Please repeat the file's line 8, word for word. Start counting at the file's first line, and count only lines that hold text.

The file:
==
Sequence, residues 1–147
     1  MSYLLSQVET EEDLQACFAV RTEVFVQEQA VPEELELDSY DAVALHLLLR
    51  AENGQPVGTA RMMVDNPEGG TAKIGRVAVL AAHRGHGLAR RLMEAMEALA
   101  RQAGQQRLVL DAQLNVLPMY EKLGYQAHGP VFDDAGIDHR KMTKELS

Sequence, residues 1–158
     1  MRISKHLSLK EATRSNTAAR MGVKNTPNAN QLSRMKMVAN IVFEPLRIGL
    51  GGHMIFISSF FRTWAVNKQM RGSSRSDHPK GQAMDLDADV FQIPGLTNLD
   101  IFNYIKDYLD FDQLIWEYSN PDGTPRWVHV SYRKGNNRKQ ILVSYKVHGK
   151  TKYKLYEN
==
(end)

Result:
   101  IFNYIKDYLD FDQLIWEYSN PDGTPRWVHV SYRKGNNRKQ ILVSYKVHGK